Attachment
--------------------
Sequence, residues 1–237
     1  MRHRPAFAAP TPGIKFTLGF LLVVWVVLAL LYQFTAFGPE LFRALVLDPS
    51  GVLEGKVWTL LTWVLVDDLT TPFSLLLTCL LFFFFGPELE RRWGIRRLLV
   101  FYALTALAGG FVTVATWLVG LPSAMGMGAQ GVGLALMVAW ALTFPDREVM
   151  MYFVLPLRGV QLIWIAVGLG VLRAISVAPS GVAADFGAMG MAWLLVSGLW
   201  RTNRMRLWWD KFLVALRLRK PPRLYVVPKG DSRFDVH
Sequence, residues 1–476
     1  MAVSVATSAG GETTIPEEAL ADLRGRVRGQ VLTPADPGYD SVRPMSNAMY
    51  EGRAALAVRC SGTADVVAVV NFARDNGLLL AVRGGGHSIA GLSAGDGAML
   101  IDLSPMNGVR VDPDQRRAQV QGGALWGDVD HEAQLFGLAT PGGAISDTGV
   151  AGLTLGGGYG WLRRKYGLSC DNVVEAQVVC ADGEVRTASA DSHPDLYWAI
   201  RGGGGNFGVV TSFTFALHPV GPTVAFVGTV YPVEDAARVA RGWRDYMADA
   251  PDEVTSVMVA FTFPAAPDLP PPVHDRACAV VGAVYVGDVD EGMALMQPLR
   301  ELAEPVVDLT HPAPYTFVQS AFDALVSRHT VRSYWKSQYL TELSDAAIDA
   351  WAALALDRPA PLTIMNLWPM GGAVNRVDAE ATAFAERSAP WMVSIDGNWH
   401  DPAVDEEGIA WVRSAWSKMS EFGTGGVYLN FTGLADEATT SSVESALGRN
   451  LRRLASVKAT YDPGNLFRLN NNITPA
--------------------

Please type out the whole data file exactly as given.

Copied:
Sequence, residues 1–237
     1  MRHRPAFAAP TPGIKFTLGF LLVVWVVLAL LYQFTAFGPE LFRALVLDPS
    51  GVLEGKVWTL LTWVLVDDLT TPFSLLLTCL LFFFFGPELE RRWGIRRLLV
   101  FYALTALAGG FVTVATWLVG LPSAMGMGAQ GVGLALMVAW ALTFPDREVM
   151  MYFVLPLRGV QLIWIAVGLG VLRAISVAPS GVAADFGAMG MAWLLVSGLW
   201  RTNRMRLWWD KFLVALRLRK PPRLYVVPKG DSRFDVH
Sequence, residues 1–476
     1  MAVSVATSAG GETTIPEEAL ADLRGRVRGQ VLTPADPGYD SVRPMSNAMY
    51  EGRAALAVRC SGTADVVAVV NFARDNGLLL AVRGGGHSIA GLSAGDGAML
   101  IDLSPMNGVR VDPDQRRAQV QGGALWGDVD HEAQLFGLAT PGGAISDTGV
   151  AGLTLGGGYG WLRRKYGLSC DNVVEAQVVC ADGEVRTASA DSHPDLYWAI
   201  RGGGGNFGVV TSFTFALHPV GPTVAFVGTV YPVEDAARVA RGWRDYMADA
   251  PDEVTSVMVA FTFPAAPDLP PPVHDRACAV VGAVYVGDVD EGMALMQPLR
   301  ELAEPVVDLT HPAPYTFVQS AFDALVSRHT VRSYWKSQYL TELSDAAIDA
   351  WAALALDRPA PLTIMNLWPM GGAVNRVDAE ATAFAERSAP WMVSIDGNWH
   401  DPAVDEEGIA WVRSAWSKMS EFGTGGVYLN FTGLADEATT SSVESALGRN
   451  LRRLASVKAT YDPGNLFRLN NNITPA